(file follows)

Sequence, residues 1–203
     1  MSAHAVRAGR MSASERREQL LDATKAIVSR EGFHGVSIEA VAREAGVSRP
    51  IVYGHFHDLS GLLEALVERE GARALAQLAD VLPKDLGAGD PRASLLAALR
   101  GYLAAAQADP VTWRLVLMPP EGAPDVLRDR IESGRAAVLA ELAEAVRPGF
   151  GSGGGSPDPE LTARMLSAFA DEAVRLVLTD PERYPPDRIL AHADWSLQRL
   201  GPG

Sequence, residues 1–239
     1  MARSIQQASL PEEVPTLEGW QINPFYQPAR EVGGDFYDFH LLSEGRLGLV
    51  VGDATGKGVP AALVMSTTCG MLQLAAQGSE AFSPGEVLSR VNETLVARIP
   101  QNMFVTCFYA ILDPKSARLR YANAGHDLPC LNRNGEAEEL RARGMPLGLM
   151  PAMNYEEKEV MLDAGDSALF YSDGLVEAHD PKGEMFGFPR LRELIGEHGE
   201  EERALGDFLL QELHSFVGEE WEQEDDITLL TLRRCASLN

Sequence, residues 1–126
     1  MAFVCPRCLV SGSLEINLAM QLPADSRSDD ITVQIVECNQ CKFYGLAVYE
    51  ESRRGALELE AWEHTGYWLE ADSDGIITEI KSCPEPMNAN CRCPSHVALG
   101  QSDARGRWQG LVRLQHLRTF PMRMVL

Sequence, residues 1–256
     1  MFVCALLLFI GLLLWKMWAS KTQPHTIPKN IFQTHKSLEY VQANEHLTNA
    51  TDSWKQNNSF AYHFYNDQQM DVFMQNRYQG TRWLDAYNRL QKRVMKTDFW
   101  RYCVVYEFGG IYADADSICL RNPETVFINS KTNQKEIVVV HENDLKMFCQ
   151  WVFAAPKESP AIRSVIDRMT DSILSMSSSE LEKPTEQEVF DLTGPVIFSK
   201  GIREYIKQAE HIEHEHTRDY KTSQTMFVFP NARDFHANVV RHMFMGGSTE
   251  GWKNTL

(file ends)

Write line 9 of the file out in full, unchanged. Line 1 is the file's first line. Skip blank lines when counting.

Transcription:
    51  VGDATGKGVP AALVMSTTCG MLQLAAQGSE AFSPGEVLSR VNETLVARIP